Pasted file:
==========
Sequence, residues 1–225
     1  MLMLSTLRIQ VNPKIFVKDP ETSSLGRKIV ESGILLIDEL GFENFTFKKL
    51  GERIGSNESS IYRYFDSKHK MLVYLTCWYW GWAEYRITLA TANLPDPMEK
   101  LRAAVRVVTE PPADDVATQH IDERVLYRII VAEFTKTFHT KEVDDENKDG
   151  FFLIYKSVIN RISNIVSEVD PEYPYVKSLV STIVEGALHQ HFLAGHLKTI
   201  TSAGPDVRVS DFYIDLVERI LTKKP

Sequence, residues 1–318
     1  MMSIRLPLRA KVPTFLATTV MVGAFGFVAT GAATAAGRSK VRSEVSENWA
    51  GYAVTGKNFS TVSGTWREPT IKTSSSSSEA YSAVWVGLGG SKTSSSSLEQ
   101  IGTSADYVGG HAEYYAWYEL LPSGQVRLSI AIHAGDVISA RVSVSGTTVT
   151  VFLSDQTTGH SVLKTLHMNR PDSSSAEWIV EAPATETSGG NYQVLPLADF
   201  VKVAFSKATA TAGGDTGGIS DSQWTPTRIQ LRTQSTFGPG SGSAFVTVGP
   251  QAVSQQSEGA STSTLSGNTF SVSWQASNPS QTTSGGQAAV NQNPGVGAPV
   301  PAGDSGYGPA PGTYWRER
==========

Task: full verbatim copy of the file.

Sequence, residues 1–225
     1  MLMLSTLRIQ VNPKIFVKDP ETSSLGRKIV ESGILLIDEL GFENFTFKKL
    51  GERIGSNESS IYRYFDSKHK MLVYLTCWYW GWAEYRITLA TANLPDPMEK
   101  LRAAVRVVTE PPADDVATQH IDERVLYRII VAEFTKTFHT KEVDDENKDG
   151  FFLIYKSVIN RISNIVSEVD PEYPYVKSLV STIVEGALHQ HFLAGHLKTI
   201  TSAGPDVRVS DFYIDLVERI LTKKP

Sequence, residues 1–318
     1  MMSIRLPLRA KVPTFLATTV MVGAFGFVAT GAATAAGRSK VRSEVSENWA
    51  GYAVTGKNFS TVSGTWREPT IKTSSSSSEA YSAVWVGLGG SKTSSSSLEQ
   101  IGTSADYVGG HAEYYAWYEL LPSGQVRLSI AIHAGDVISA RVSVSGTTVT
   151  VFLSDQTTGH SVLKTLHMNR PDSSSAEWIV EAPATETSGG NYQVLPLADF
   201  VKVAFSKATA TAGGDTGGIS DSQWTPTRIQ LRTQSTFGPG SGSAFVTVGP
   251  QAVSQQSEGA STSTLSGNTF SVSWQASNPS QTTSGGQAAV NQNPGVGAPV
   301  PAGDSGYGPA PGTYWRER